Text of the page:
“Your garnish has a similar feel in your mouth as the corn tortilla does,” he says.
Plus, Perrone says that vermouth, the other key ingredient in a martini, has the aroma and botanicals that complement the flavor of the tacos.
Your tacos can have whatever filling you prefer: beef, shrimp, fish, pork or nopal, which is cactus and Perrone’s top pick.
Dessert wine with mac and cheese
Who needs sweet stuff with dessert wine when mac and cheese is so much better?
It’s a pairing that Yamoum swears by. But when he makes the dish at home, he uses blue cheese.
“The cheese can be pungent, and the residual sweetness of the wine washes away the pungency,” he says. “You can also use any stinky, softer cheese such as Roquefort.”
There are many varieties of sweet wine, and you can pick up an inexpensive bottle at your local liquor store, says Yamoum.
He likes German Rieslings and Hungarian Tokajis. From France, he goes for a Sauternes from Bordeaux or Vouvray Moelleux from the Loire Valley.
A Negroni with mezze
Being Italian, Agostino drinks a Negroni, a cocktail from Italy that’s a combination of gin, sweet vermouth and Campari, almost every day.
And while he’s sipping, he enjoys a mezze plate of hummus and baba ghanoush, accompanied by crackers, pita and raw vegetables such as gem lettuce hearts, endive and carrots.
“Each ingredient in the Negroni boosts the flavors of the dips – the smokiness of the baba ghanoush and the creaminess of the hummus,” he says. “In fact, when I eat hummus and sip a Negroni, I get an amazing velvety sensation in my mouth that makes me want to eat and drink more.”
A gin and tonic with Indian food
Gin is packed with botanicals and spices, and so is Indian food, flavored with a variety of spices such as cumin, cardamom, turmeric and garam masala.
“Gin adds a layer of complexity to Indian dishes, especially any curries because it has so many ingredients just like Indian food,” says McPherson. “The spirit and the dishes emphasize the qualities in each other but not in an overwhelming way.”
To tone down this bold pairing a notch, try a gin and tonic with Indian cuisine – it’s a refreshing cocktail that will soften the flavors and spices of the dishes.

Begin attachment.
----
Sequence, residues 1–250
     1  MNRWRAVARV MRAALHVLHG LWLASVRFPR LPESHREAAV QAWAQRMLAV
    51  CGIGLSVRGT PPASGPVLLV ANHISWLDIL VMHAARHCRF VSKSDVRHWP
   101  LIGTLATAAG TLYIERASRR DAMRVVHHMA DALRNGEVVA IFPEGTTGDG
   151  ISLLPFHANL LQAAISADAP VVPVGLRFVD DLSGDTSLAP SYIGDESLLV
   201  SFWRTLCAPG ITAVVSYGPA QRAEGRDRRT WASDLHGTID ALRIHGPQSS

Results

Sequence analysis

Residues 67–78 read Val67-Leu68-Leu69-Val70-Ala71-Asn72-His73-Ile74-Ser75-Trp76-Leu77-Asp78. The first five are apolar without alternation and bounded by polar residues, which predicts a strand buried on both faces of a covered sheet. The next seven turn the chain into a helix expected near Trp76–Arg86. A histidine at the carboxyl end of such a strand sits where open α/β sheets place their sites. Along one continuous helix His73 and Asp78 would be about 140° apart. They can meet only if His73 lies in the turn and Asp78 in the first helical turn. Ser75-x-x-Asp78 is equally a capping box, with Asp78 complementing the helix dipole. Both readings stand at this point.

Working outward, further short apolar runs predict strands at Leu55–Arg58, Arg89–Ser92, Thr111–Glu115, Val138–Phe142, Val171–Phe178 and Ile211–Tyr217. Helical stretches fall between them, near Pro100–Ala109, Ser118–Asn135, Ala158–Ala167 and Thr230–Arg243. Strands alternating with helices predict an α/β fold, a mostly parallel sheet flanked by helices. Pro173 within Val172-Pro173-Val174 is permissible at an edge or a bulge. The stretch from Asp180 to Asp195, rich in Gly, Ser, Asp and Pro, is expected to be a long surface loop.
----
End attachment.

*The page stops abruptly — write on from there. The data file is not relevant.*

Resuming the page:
Single malt Scotch with ice cream
Yamoum says the dark spirit from Scotland, especially a single malt that’s been aged in a sherry cask, is the perfect partner for ice cream.
“I love vanilla ice cream with my drink, but caramel, chocolate or coffee would be as delicious,” he says. “Or, make the match more playful by having an ice cream sandwich.”
Scotch that’s been aged in a sherry cask has a slightly sweet finish, he says, that rounds out everyone’s favorite frozen food. If you don’t have any Scotch on hand, a bourbon or rye or a Japanese or Irish whisky are great substitutes.
Mezcal and a burger
Mezcal, a Mexican spirit made with agave, has a smokiness that makes it a winning match with a hamburger, according to McPherson.
“The meat is salty and savory and takes on slightly smoky notes when you have it with mezcal,” he says. “It’s almost like having beef that’s been smoked all day.”
Sip your mezcal first, he says, either with ice or neat, and then take a bite of the burger. If it’s too strong, add in splash of club soda or make a spicy margarita with a mixer and jalapeno peppers.
In terms of brands, Del Maguey’s Vida expression is a solid bet and easy to find. McPherson also recommends Montelobos.
Shivani Vora is a New York City-based writer who travels as often as she can, whether that means going on a walking safari in Tanzania, a mother-daughter trip with her 10-year-old in Istanbul or surfing in northern Portugal.